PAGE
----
There is nothing that gives an attorney a bad reputation more than an unreasonable attorneys' fees bill. I definitely do not believe that you should give your services away, and also feel that if a client is not paying their bill, you should be allowed to fire them without any further question or debate. However, I believe that an attorney's bill should always be reasonable considering the special circumstances of each and every case and I also believe that if there is any question concerning a charge on a bill, a client should be given the opportunity to dispute that charge. Larry Birkhead, one of a number of different men claiming paternity over Anna Nicole Smith's daughter, is currently in a dispute with his former attorney who charged him over $600,000.00 for legal fees. Mind you, the DNA testing has not yet come back, and we have yet to know who the putative father is, yet Ms. Opri, has charged Mr. Birkhead an outrageous amount of money for her fees. Whether or not these fees are reasonable will be up to a judge to decide if Larry Birkhead chooses to litigate the contents and line items for the bill. If you are faced with what you believe to be an unreasonable attorney's bill, it must be understood that the determination of reasonable attorneys' fees will use the following criteria:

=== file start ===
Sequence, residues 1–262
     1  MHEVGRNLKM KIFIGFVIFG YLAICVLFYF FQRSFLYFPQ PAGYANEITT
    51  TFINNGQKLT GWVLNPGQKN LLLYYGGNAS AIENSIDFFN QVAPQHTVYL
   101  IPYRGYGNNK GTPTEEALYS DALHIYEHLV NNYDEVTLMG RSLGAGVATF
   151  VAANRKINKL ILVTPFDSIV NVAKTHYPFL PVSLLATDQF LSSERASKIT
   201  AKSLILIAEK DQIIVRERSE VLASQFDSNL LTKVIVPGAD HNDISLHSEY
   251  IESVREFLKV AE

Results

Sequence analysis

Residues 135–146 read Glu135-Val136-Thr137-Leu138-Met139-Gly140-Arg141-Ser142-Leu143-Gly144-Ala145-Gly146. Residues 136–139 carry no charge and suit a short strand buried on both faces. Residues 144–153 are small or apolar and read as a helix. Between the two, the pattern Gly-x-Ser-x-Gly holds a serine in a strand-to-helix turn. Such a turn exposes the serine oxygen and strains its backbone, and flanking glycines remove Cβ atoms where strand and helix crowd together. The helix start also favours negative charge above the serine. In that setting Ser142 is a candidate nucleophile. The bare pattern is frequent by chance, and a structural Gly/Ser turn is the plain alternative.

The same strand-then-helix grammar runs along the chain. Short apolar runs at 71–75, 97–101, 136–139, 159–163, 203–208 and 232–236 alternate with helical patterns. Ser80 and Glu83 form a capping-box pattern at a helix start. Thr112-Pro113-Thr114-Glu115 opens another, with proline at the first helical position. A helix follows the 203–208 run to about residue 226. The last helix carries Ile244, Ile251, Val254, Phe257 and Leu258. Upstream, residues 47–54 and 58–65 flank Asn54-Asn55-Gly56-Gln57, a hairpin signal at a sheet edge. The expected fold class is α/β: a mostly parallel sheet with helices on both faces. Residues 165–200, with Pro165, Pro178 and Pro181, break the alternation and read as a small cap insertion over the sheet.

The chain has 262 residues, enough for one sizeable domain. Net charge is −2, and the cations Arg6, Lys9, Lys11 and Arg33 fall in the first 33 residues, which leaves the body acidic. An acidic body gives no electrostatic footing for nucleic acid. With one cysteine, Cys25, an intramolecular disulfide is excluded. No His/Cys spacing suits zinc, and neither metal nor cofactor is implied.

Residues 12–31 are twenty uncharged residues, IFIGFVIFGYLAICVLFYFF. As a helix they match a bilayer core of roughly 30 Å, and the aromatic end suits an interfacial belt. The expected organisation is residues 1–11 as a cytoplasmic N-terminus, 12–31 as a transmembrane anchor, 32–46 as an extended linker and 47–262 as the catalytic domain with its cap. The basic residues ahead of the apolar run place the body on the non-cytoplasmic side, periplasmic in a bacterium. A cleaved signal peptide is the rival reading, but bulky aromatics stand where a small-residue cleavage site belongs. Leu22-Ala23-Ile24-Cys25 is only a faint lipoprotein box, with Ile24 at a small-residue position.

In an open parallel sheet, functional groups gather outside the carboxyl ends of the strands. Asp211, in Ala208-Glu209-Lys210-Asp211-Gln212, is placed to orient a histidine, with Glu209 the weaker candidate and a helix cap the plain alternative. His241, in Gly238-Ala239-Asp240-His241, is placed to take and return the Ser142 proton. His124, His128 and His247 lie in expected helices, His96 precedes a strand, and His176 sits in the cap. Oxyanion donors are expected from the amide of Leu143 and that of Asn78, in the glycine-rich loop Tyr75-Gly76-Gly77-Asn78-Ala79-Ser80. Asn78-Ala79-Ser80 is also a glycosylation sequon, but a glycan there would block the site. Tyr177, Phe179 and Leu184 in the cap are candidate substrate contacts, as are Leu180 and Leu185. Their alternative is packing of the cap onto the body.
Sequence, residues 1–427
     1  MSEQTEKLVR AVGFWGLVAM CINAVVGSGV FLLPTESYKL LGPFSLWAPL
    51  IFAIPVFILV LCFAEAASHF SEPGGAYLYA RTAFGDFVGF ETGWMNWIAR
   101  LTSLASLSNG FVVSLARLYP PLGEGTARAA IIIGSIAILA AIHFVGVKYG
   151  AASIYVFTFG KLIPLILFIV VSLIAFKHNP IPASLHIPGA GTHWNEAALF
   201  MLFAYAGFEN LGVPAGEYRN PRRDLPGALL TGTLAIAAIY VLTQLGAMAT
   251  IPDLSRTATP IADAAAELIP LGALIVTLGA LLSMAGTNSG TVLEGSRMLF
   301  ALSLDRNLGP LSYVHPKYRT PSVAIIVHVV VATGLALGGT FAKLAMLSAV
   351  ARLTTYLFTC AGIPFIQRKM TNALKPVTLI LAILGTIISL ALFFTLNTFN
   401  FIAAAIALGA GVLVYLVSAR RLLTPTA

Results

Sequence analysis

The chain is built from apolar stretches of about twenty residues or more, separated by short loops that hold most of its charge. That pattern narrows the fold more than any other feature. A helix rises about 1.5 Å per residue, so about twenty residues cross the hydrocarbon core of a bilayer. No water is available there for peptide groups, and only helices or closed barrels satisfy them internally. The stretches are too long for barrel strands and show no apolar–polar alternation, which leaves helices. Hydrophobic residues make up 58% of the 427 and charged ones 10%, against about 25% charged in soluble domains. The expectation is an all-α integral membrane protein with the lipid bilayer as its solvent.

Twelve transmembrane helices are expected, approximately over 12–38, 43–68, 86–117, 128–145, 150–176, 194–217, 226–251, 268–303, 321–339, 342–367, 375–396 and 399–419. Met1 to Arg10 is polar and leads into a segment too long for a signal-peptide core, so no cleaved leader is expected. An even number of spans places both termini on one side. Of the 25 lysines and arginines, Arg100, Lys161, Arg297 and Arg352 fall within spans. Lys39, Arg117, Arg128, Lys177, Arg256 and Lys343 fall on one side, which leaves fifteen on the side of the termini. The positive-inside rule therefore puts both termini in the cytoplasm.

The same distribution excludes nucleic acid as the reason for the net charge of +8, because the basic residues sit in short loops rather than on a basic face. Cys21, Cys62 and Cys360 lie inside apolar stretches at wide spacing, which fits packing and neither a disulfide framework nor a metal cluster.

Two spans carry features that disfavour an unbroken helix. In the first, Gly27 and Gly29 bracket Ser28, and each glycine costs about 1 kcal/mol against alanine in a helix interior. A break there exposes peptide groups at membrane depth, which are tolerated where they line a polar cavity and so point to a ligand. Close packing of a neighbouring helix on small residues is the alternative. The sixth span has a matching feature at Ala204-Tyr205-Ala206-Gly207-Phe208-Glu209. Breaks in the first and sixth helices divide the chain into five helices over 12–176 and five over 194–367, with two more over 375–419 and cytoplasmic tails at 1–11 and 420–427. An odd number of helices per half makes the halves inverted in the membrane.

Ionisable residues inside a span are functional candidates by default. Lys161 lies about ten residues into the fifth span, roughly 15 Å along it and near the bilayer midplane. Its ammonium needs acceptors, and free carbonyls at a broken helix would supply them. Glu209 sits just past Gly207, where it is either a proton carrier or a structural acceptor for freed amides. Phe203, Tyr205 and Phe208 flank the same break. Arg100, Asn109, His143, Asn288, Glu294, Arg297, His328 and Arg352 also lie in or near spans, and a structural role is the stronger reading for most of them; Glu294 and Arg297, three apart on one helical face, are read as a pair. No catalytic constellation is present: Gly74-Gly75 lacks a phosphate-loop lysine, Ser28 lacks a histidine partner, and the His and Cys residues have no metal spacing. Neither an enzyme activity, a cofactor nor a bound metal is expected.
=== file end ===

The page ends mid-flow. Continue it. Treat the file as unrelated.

1. What is a customary fee for similar matters;
2. Experience and reputation of the lawyer;
3. likelihood that the case will preclude the attorney from other employment;
4. time, novelty and complexity of the issues; and
5. Results obtained.
These criteria are generally referred to as the "Lodestar" criteria and can be found in greater detail at Rosen v. Rosen, 696 So.2d 697 (Fla. 1997). Most attorneys' fees are reasonable and fair, however, if you feel that your bill is rather high taking into account all the factors set forth above, speak with your attorney to have your concerns addressed.